Colonel Tuck assigned me to the 5th of the 27th Artillery, and specifically to B Battery at LZ Sherry. At the time I knew nothing of Sherry or its history. I rarely saw Colonel Tuck after he assigned me to Sherry, but after my first six months in the field he called to tell me that he could get me posted to a general’s staff in the Philippines for the rest of my tour. I eventually turned him down because for some weird reason I felt like I had to stay in the field to get my year in Nam behind me. I felt like leaving before my time was up would be a cop-out.
Colonel Richard Cabell Tuck, a direct descendent of Patrick Henry and graduate of West Point, was an assistant professor in the French Department at West Point for three years. Colonel Tuck was a graduate of the Armed Forces Staff College and the Ecole Superieure de Guerre, Paris (the French War College). He served in the Korean and Vietnam conflicts, and in command and staff positions in Europe and the Pentagon. He holds the Legion of Merit, the Bronze Star and nine Air Medals.
A Rude Introduction
The trip down to Sherry was unfortunately eventful. I had just gotten to LZ Betty at Phan Thiet, at Alpha battery, and I was sitting there eating lunch with a bunch of other people when there was a loud shot outside. Somebody had shot and killed himself in the chow line right outside the door. Some guy took his rifle and put it to his head and pulled the trigger. I thought: Holy shit what in the world is going on here? That was my introduction to the field
Later that night Sherry got hit and I watched, and heard, the whole firebase open up in response. The next morning I was there.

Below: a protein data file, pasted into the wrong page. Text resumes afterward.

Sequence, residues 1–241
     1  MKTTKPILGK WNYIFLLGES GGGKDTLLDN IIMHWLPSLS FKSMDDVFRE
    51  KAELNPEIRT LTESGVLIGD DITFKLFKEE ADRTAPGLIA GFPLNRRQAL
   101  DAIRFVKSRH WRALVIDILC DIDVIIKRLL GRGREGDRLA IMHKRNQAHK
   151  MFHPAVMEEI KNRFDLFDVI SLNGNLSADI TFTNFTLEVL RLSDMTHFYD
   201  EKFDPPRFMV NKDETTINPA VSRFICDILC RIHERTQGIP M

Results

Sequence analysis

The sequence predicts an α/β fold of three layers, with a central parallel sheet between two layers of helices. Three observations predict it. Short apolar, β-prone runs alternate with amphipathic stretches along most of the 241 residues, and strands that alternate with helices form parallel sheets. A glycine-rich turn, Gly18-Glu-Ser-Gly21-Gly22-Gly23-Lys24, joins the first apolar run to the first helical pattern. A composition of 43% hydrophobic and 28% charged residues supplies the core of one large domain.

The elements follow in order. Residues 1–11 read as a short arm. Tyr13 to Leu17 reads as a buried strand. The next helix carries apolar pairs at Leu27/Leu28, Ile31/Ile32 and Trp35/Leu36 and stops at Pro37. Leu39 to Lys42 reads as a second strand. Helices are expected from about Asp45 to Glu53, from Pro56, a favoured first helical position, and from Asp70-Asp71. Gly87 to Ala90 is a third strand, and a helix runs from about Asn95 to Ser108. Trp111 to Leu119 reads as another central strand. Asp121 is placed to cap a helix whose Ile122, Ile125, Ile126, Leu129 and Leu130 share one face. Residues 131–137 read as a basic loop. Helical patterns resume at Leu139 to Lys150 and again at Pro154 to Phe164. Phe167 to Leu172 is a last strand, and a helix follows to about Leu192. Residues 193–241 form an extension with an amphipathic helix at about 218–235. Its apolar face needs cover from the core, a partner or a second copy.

How He Earned His Chops
I came into Sherry as the XO. Within a week or two after I got to the battery I got into a shoving match with the XO I was replacing because I had countermanded an order he had given to run the FADAC artillery computer eight hours a day. This thing was the size of a small car, and was placed inside the confined space of the fire direction center. It sounded like a loud vacuum cleaner with issues, You could go deaf listening to that thing and it was driving everyone in the Fire Direction Center nuts. Headquarters told us to run it to keep it dry in the Vietnam humidity, but we never used it for actual fire missions.
I remember going into the FDC, and it was Charlie and Jenkins and maybe Paul, and these guys were not exactly shy about speaking to officers. I came in and said, “If you guys could change anything what would you change?”
The first thing they said was to get rid of FADAC.
I said, “You’re right. Absolutely.” My feelings about orders from the rear were: What the hell, they’re not here. I’m here, my ass is here, and I’m going to do what I think is necessary under the circumstances.
So I turned off the FADAC, and that’s when the old XO got on me. He was kind of tight assed. I recall he wanted to be a lifer, or at least acted like it. We had had a few beers and I told him: Fuck you basically, we’re not going to turn it back on. And we bumped a little bit, and that was it.
I didn’t know it, but one of the enlisted guys – it might have been Paul – overheard our conversation when I told the lieutenant to take his FADAC and REMF orders and shove them, and saw the pushing. So I guess I became a champion of the enlisted guys early on, but didn’t know it until someone told me about it later. And that’s how I got my chops with the guys.